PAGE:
It turns out that the city of College Park did not have enough votes after all to grant voting rights to noncitizens, officials said Saturday. The College Park City Council voted 4-3 with one member abstaining Tuesday night on an amendment to the city’s charter that would allow noncitizens to vote in municipal elections. But charter amendments need six votes of the eight-member council, the city announced Saturday. That rule was changed in June, and the mayor and council members said they neglected to note that they needed six votes.
non-citizen voting rights
The city council and mayor of College Park are expected to decide Tuesday whether to allow non-citizens to vote in municipal elections, following a heated discussion among residents over the summer about the issue. The majority of residents who have submitted comments in the Washington suburb, home to the University of Maryland’s flagship campus, support the amendment to allow green-card holders, undocumented immigrants and student-visa holders to vote in local elections, Mayor Patrick Wojahn said. The council postponed the initial vote, which was scheduled for a meeting on Aug. 8, so it could consider whether to hold a referendum to let voters decide. “My goal is to keep the conversation tomorrow civil and productive,” Wojahn said. “I’m hoping that we won’t have the circus around it that we had last time.”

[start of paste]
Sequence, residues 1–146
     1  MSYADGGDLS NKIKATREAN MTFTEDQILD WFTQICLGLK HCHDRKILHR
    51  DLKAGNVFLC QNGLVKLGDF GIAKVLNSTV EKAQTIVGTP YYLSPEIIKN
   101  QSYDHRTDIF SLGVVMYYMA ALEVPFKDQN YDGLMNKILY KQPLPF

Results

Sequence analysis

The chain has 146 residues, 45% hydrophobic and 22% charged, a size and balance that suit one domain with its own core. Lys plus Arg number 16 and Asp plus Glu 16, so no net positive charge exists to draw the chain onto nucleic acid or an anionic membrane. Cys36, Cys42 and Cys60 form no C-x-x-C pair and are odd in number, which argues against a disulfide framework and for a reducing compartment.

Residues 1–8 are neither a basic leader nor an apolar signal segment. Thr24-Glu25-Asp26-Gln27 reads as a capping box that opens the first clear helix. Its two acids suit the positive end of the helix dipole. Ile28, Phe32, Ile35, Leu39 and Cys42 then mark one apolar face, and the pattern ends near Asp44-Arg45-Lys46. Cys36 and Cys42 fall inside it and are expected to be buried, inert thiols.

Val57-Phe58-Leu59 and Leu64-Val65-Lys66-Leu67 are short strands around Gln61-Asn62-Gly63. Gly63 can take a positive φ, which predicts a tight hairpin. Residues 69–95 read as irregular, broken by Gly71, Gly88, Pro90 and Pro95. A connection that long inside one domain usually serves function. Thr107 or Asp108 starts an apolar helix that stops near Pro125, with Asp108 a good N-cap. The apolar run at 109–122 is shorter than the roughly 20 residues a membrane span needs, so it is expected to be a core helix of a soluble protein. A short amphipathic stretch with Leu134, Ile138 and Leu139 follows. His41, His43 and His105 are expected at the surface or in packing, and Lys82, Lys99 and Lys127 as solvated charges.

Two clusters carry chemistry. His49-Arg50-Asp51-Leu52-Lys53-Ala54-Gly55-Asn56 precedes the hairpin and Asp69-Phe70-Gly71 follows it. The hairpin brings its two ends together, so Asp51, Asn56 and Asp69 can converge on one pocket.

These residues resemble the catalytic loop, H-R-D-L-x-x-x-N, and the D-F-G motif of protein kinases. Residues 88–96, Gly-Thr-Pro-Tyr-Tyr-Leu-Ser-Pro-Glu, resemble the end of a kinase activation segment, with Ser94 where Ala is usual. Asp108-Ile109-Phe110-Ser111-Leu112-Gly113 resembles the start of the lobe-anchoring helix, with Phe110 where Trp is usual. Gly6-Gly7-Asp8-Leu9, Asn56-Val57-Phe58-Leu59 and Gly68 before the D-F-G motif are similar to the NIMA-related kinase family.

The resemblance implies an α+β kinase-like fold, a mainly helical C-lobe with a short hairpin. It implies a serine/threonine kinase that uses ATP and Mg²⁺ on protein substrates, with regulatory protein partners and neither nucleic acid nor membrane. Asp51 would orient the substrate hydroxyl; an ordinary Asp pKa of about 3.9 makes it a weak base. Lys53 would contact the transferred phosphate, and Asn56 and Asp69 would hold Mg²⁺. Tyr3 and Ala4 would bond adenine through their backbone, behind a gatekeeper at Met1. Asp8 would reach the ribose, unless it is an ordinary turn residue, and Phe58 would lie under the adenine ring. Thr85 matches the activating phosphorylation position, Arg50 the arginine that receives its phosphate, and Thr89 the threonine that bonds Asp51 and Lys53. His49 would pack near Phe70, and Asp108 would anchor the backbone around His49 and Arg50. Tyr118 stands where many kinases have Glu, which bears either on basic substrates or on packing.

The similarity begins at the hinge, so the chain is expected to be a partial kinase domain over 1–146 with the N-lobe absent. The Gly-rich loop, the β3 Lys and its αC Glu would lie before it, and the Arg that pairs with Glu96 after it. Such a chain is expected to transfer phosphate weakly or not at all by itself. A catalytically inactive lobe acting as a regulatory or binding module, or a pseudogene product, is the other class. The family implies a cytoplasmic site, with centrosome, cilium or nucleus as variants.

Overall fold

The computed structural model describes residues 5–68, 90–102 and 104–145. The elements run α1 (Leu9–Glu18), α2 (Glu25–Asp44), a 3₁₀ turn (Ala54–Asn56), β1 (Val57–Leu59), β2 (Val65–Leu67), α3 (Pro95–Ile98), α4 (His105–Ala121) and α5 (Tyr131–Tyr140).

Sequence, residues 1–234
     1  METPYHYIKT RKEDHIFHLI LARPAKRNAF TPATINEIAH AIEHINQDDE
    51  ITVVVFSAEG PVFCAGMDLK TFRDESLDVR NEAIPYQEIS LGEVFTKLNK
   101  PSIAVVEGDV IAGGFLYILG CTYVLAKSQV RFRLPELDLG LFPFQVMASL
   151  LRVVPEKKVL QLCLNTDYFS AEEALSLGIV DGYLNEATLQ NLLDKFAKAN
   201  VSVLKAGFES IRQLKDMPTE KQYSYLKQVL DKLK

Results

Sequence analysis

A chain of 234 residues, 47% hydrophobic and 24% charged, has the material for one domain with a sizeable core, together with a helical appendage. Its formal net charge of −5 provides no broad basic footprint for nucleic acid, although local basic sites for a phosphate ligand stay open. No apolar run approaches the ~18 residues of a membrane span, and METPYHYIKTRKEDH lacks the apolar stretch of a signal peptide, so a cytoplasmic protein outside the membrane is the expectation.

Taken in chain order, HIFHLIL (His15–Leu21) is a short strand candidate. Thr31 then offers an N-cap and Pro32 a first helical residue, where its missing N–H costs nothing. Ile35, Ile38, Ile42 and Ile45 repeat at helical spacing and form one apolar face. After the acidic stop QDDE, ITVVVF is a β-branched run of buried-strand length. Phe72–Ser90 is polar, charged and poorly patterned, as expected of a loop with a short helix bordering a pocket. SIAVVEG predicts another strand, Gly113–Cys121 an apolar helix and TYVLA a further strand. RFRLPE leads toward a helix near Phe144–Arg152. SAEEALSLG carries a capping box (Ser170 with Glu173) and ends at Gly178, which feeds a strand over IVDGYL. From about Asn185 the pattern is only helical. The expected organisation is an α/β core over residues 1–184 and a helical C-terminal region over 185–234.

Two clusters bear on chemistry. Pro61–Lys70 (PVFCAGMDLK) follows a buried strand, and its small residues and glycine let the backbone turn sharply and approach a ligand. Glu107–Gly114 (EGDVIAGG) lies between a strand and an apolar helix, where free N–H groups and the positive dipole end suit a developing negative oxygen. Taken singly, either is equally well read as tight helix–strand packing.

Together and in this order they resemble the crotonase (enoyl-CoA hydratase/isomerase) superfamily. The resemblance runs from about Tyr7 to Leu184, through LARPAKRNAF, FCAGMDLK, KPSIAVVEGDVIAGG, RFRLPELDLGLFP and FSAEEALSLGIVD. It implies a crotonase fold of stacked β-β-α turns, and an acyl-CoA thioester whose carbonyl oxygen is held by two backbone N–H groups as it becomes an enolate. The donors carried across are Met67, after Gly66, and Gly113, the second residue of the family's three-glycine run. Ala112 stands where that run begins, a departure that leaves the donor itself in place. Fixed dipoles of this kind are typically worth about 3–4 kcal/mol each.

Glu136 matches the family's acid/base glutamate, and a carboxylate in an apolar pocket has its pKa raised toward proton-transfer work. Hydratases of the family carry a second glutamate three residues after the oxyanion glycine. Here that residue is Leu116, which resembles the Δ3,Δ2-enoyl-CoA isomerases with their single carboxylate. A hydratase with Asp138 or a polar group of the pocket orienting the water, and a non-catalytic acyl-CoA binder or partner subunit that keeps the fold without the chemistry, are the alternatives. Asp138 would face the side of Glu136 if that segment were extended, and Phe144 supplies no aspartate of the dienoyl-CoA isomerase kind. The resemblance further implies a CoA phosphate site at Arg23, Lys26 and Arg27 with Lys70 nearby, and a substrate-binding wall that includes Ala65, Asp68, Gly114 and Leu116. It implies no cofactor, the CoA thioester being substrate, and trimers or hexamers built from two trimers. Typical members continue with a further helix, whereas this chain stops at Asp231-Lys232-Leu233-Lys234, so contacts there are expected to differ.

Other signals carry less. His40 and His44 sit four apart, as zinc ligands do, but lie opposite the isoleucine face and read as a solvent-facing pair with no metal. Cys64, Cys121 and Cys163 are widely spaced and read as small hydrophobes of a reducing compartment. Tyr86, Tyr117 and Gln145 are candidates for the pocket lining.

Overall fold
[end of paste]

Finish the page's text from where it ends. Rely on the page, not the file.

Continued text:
It was pouring rain in Oslo and many other Norwegian cities on Election Day Monday. That was at least some consolation, perhaps, for the thousands of permanent Norwegian residents over the age of 18 who couldn’t brave the bad weather and troop to the polls anyway, because they’re not eligible to vote. The newspaper Aftenposten reported recently that there’s now nearly a half-million people in Norway, many of them long-time residents, who are not allowed to vote in the national parliamentary elections that roll around every four years. That’s largely because of Norway’s law against dual citizenship. Even though tens of thousands qualify for citizenship and could readily obtain a Norwegian passport, the law demands that they’d have to give up the citizenship of their birth, and that’s not easy for anyone who maintains ties with their homeland and views their homeland as an important part of their identity.